Always in stock

Because you have a direct relationship with Amazon (via their Kindle Direct Publishing tool), your book will always show that it’s in stock in the Amazon store. But, if you distribute to Amazon using IngramSpark or another vendor, your book may occasionally show an out-of-stock message on Amazon. This can happen for many reasons (which Amazon keeps to itself), but it most commonly occurs when your book lags in sales. This result alone is a good reason to go direct with Amazon KDP.

Easy to use

The Amazon Kindle Direct Publishing interface is easier to use than IngramSpark and their customer service is very good. They also have looser tolerances and do a lot of hand-correcting to files that aren’t quite right. So if you’re a beginner, it’s just easier to go with Amazon KDP first.

Printing ARCs and testing your design

As long as you do NOT fill in a Publication Date in KDP, your book will remain private and you can print one to five copies for your own use. This is a very good step to take. Order advance copies and make sure your book looks great.

Again, you can print up to five copies of your book with Amazon while it’s marked private. But if you need more books to send out as Advanced Reading Copies (ARCs)  for reviewers, you’ll probably want to print ARCs at IngramSpark, which offers unlimited ARCs.

For a comparison of the pros and cons of Amazon and IngramSpark, read this post.

Leave the Rest to IngramSpark

Publish and distribute your book using both Amazon KDP and IngramSpark because you’ll enjoy a direct relationship with Amazon, which is always good, and you’ll get very wide distribution to online retailers and bookstores with IngramSpark.

In addition, I always suggest that authors create a hardcover version of their book, at least for launch, because friends and family will want them. IngramSpark can do that, so you can offer these to bookstores at a 53% discount with returns program while enjoying a larger percentage of royalties with the 30% discount for distribution to the online retailers for your paperback. Libraries also like hardcovers because they’re more durable.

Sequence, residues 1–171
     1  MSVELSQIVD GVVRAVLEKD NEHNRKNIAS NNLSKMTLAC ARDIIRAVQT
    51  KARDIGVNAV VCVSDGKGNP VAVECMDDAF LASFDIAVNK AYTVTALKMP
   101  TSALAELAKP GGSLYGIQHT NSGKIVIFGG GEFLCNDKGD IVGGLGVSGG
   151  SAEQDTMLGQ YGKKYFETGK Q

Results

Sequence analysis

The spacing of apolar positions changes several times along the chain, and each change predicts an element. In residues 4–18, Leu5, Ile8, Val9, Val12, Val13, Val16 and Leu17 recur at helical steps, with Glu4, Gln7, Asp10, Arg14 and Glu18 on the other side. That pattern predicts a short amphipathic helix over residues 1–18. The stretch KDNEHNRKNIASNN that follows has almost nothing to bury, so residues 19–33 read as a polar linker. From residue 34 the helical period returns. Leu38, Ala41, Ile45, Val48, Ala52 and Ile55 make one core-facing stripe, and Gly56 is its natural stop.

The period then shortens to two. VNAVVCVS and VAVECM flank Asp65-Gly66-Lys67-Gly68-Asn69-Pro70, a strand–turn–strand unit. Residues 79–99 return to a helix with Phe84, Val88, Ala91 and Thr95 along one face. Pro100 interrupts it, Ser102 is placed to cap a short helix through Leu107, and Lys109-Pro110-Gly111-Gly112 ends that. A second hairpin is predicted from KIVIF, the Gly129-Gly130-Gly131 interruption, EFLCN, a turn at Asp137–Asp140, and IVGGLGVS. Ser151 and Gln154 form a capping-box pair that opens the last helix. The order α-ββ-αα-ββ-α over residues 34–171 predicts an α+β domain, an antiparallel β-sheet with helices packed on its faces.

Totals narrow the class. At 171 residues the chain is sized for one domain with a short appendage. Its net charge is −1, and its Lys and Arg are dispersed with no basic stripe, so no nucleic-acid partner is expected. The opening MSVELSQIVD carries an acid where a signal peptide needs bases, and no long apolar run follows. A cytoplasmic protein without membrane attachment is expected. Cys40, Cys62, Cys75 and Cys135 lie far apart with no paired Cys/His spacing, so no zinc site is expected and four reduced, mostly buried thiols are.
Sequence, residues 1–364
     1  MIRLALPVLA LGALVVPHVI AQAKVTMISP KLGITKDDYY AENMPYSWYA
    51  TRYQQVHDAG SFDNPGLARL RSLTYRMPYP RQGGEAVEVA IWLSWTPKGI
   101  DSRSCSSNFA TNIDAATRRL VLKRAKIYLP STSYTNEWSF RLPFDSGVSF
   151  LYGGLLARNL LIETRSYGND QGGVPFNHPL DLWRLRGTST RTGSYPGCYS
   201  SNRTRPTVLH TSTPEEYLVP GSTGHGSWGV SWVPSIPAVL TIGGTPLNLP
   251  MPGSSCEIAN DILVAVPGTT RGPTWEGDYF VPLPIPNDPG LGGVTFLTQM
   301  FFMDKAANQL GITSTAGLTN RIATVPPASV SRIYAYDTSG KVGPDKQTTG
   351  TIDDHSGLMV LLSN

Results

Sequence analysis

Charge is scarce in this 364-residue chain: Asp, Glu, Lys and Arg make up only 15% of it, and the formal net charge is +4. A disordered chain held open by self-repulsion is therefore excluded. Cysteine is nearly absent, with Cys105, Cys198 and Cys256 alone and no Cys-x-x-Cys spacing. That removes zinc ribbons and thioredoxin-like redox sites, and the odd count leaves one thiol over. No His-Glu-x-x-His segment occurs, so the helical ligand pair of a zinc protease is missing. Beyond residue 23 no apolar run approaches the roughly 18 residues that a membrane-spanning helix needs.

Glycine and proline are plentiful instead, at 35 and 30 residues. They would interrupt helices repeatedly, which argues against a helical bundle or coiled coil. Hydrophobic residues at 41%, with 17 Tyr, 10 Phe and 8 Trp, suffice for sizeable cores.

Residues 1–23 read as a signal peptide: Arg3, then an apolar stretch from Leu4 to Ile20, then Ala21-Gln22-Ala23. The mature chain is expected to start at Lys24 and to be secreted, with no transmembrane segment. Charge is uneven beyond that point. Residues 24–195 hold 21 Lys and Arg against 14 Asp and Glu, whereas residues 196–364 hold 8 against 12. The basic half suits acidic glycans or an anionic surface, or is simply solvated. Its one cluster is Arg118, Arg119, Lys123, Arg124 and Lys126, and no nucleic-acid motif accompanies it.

Make sure you own your ISBNs so you can change your mind about where to print and distribute any time you like. (See my post on why you should Own Your ISBNs.)

How to Distribute Both Print Books and Ebooks

So that’s an introduction to using a combination of Amazon KDP and IngramSpark to distribute your print book. But what about ebooks?

See my post on Distribution: How Your Book Gets to Your Readers for complete information and a recommended path with a list of ebook distributors I trust.

That post will show you how your book gets into the mailbox (virtual or physical) of your readers.

I Have a Free Self-Publishing Toolkit for You

Need more self-publishing advice? I’ve put together a free toolkit with a Consumer’s Guide for Authors, Editors and Publishers that includes reviews of Amazon Kindle Direct Publishing, IngramSpark, Draft2Digital, B&N Nook, Apple, Google Play, Kobo, and all the other brand names you’ve heard of and many that you haven’t!

I want to help you self-publish well, doing it right the first time and preventing false starts and mistakes that could set you back months. Let’s get your book into the hands of your readers as soon as possible!

So grab the Consumer’s Guide along with a metadata cheat sheet and book launch checklist, plus a mini-email course on self-publishing.